Various Artists - Portland (RRRecords 3xLP)

Second of two noise "geographical surveys" this year, and fourth total following New England, Texas and California. All of which RRRecords had at least a hand in, if I'm not mistaken. And people talk about Sufjan Stevens doing an album per state as if it was some sort of accomplishment. Hah! I only own the "California" and "Portland" boxes but it's safe to say "Portland" sure doesn't compare in terms of packaging, but then what did you expect from RRR? This is as grungy as it gets - three records in paper sleeves sammiched between a folded piece of cardboard spraypainted and hand-markered accordingly, probably by a famous noise person (maybe even RRRon himself! Although he might be delegating too). Same format though - six artists occupying six sides of vinyl, the chosen few being Daniel Menche, Bdong, Okha, Nkondi, Smegma and Pulse Emitter. I'm in no place to whine about who got the shaft and who shouldn't be there so I'll leave that up to the dudes on the I Heart Noise forums. Oh you crazy...dudes. In what can only be described as a bizarre, once-in-a-lifetime coincidence, the order I listed the names in above is the same order that the artists got played in which is the same order I'll be discussing them in tonight! No I don't know if that makes sense...shiiiit.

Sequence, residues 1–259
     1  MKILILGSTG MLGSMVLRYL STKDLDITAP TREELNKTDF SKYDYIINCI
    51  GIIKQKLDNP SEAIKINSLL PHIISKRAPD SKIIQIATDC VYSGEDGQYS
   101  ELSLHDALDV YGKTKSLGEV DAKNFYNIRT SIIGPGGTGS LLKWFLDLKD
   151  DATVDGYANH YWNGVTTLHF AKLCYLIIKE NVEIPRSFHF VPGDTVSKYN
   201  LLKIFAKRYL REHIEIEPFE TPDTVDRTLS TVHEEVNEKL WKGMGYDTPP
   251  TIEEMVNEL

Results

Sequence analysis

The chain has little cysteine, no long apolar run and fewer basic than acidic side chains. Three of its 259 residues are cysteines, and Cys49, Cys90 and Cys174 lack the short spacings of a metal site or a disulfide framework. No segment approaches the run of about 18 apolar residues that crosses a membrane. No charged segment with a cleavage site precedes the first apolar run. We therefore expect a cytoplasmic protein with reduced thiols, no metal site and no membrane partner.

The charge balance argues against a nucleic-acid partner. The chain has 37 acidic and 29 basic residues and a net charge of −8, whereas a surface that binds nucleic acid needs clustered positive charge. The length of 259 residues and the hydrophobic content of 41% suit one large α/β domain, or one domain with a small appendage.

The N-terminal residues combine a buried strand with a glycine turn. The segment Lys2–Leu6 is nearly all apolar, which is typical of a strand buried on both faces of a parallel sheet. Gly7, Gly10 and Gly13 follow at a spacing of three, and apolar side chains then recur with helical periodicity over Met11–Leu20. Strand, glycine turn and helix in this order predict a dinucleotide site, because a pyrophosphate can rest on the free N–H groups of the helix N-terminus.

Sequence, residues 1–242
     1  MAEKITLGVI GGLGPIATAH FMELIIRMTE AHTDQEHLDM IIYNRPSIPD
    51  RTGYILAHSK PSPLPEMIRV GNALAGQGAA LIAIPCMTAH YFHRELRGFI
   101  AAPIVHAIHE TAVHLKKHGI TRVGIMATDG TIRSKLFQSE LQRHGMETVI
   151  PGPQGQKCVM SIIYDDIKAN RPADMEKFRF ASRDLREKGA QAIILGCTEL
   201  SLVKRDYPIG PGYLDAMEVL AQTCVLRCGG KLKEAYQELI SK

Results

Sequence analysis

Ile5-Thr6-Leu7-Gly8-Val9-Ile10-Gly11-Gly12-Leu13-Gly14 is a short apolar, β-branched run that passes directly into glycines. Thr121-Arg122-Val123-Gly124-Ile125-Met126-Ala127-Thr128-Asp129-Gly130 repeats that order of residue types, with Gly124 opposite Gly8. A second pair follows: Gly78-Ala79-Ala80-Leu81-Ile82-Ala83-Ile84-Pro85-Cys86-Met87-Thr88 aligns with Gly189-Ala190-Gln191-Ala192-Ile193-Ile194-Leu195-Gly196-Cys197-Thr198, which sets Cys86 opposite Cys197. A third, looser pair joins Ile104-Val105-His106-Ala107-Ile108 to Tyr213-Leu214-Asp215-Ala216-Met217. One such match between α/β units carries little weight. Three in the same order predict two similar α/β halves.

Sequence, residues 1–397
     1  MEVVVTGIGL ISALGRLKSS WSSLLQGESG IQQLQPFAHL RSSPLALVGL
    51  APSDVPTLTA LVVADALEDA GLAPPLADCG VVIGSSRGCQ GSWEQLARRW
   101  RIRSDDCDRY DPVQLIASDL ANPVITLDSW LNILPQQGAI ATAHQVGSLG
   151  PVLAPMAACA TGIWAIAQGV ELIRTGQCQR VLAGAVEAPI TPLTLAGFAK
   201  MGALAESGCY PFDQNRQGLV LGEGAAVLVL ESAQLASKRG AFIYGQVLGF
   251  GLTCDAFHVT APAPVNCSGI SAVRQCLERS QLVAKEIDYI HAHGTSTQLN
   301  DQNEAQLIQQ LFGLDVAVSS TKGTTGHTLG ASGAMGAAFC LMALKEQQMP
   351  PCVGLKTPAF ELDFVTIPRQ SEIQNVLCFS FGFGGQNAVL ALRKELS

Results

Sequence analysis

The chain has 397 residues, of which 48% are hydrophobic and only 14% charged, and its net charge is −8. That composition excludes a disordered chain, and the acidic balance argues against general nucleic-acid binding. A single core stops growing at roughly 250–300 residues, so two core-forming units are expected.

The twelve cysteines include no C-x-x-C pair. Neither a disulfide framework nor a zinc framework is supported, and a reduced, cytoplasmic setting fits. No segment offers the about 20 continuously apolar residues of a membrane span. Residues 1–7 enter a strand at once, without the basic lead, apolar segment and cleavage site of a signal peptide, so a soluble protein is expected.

Portland's Daniel Menche plays a piece called "Emanuel Hospital" which is very much in the same (ruling) vein as his most recent blasterworks "Concussions" and "Jugularis". Starts out like you, a bag of marbles and a dryer in motion, a whole endless season of audible and physical clanks but it somehow gets even faster, transmogrifying into a spun blur before your eyes/ears. And also like other Menches I menche-ioned (hahaha!), you either start noticing or start imagining distinct, complex patterns and rhythm pulling apart and shifting throughout the chaos...similar to a plane rotating on its axis, simultaneously scaling both X and Y. You'll know when you hear it. It's mind-deying. It's another episode of As the World Churns. Menche's equipped with the best ending possible to a piece like this too, a "this is your stop" style bonging sound. A ripper of the highest order.